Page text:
On 23rd January 1914
James P. Corry & Co., Thos. B. Royden & Co., G. D.
Tyser & Co. and Wm. Milburn & Co. merged their interests
in routes to the Antipodes and incorporated the Commonwealth
& Dominion Line Ltd with an issued share capital of 1,248.469
£1 Ordinary Shares and 649,075 £1 Cumulative Preference
Shares. The Head Office was established at the office of G.
D. Tyser at 9-11 Fenchurch Street in London and the first
directors were Walter P. Tyser (chairman), P. K. Foot and
Sir Montague Norman from Tyser's, Sir William Corry and R.
Corry from Corry's, C. T. Milburn and W. H. Moore from Milburn's
and T. B. Royden was represented by T. B. Royden himself who,
as Sir and Lord Royden, later became chairman of Cunard. Additional
directors were appointed overseas; H. C. Benson in Australia
and Capt. R. Todd in New Zealand.
The Board of directors held their first meeting on 28th January
and adopted Tyser's house flag, and Corry's buff with black
topped funnel for the new company. The hulls of the ships
were to be painted in Tyser's grey with white superstructure
and masts. The 'Port' nomenclature of the Milburn fleet was
to be given to all new buildings and this policy was accelerated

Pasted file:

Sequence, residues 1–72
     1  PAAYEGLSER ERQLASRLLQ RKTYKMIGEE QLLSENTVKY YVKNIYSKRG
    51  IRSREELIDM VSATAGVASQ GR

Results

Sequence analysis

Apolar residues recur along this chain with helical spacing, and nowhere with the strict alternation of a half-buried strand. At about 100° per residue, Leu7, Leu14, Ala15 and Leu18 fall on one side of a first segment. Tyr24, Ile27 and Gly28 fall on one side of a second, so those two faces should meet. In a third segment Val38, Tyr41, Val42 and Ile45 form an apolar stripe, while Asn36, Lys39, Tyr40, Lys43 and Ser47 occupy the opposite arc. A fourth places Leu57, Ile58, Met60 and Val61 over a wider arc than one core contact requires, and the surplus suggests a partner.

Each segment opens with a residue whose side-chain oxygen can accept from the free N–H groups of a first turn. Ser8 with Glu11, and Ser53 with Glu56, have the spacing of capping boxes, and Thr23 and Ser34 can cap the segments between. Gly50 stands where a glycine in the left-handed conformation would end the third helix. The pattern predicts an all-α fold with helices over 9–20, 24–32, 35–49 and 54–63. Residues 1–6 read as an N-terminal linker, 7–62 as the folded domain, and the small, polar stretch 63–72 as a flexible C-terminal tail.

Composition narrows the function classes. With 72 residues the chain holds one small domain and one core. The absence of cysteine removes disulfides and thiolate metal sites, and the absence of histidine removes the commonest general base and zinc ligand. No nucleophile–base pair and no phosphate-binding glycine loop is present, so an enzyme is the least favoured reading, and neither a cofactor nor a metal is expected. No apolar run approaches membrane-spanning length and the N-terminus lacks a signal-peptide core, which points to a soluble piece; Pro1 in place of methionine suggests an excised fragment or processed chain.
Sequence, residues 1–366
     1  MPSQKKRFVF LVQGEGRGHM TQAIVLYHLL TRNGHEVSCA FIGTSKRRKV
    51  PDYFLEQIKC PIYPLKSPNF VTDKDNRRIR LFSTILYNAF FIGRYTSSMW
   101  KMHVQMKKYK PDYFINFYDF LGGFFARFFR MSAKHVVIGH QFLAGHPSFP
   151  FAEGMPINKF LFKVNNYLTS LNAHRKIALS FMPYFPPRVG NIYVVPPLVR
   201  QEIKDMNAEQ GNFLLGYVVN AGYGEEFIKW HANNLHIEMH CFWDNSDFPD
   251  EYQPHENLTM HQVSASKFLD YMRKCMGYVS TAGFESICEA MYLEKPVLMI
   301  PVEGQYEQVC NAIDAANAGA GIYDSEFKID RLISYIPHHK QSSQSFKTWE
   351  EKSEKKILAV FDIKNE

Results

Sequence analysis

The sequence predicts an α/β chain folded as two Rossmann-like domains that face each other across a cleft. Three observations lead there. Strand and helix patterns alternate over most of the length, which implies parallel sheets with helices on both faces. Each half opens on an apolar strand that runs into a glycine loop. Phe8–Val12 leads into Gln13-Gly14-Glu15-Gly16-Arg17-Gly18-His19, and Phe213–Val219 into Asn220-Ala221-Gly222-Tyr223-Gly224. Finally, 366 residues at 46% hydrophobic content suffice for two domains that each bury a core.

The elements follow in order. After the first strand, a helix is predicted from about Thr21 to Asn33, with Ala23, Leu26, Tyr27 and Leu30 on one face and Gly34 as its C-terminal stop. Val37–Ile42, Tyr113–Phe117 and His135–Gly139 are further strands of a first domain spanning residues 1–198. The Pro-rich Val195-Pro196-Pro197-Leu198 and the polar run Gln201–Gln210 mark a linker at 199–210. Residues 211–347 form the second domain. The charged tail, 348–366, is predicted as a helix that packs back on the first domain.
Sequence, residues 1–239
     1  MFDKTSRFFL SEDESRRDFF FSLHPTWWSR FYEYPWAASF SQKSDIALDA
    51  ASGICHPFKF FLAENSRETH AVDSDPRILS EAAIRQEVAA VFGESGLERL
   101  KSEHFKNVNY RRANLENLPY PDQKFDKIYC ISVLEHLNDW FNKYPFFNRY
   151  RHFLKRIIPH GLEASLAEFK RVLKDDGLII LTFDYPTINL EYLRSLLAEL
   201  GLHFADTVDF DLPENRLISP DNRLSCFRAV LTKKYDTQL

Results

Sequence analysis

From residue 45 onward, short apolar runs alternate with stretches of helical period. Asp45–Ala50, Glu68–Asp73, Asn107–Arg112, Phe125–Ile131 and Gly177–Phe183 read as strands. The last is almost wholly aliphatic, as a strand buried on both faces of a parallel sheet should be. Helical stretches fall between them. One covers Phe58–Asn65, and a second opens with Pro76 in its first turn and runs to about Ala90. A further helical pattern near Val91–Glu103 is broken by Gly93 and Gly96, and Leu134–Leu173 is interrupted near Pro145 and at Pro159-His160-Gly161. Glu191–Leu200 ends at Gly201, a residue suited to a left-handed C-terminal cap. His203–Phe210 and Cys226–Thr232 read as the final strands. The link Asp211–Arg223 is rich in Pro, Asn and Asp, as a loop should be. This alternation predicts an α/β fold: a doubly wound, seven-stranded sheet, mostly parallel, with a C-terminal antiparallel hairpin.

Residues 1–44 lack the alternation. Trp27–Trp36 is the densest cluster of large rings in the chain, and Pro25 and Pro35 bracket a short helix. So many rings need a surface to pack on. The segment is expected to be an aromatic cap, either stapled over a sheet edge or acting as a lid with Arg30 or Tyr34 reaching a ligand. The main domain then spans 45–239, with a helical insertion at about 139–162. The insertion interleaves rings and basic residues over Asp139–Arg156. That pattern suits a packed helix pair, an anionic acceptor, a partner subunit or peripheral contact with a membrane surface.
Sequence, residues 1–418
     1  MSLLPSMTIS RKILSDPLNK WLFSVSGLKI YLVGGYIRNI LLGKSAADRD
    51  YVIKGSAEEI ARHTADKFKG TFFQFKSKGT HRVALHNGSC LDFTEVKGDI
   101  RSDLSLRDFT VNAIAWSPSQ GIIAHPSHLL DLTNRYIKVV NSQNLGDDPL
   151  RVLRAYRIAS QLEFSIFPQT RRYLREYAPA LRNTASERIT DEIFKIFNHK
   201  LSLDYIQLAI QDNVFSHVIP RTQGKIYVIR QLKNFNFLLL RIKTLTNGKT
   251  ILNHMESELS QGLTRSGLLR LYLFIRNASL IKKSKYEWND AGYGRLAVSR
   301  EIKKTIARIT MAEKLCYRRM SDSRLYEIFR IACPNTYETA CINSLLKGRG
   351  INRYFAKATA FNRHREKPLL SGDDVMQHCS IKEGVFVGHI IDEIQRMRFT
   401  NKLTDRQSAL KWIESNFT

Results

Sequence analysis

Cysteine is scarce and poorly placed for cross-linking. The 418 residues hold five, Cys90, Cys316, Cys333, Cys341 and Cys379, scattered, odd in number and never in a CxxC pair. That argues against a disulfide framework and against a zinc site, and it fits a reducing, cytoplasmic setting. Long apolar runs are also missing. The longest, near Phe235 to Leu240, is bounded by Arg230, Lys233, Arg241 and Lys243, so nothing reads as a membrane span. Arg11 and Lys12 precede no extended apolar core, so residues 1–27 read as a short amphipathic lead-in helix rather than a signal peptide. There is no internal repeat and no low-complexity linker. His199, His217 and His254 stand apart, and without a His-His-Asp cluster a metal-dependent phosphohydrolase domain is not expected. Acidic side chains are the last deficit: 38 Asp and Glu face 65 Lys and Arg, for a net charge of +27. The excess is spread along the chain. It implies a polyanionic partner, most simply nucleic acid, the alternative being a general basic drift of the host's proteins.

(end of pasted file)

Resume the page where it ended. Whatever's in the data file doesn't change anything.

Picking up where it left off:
in 1916 when all the ships in the fleet were given the 'Port'
The new company began operations
with 23 ships with a further two under construction totalling
165,338grt and contributed as follows:-
On 18th January 1916 the Marere became the company's first
war casualty when she was captured by U-35 and sunk by gunfire.
Hence, she never had the name change which the others had
during April and May of that year following the granting of
permission by the Government which was required in time of
war. From that time on the shipping world unofficially began
to refer to the company as Port Line.
In June 1916, as a deliberate policy of diversification, the
Commonwealth & Dominion Line was taken over by the Cunard
Steam Ship Company Ltd who initally gave their new acquisition
the unwieldy name of the Cunard Line Australasian Service,
Commonwealth & Dominion Line Ltd. Sir Alfred Booth and
Sir Percy Bates of Cunard joined the Board in exchange for
Walter P. Tyser and Charles T. Milburn who became directors
of Cunard. Thomas Royden was already a director of both companies
and it was his initiative that had led to the takeover. Milburn
and Tyser became the largest shareholders in Cunard and it
was bandied about that they had really taken over Cunard as
they could outvote any other individual director but not,
of course, if the remainder acted as one.
The only other change was when,
after the war ended, 'Port' Line was given the Cunard funnel
with its two pinstripe black bands. It was Cunard policy to
let their acquisitions remain as autonomous companies and
the only outward change was that Cunard's offices in the United
Kingdom and Germany handled the Commonwealth & Dominion
ships and Wm. Milburn continued as agents in the north-east.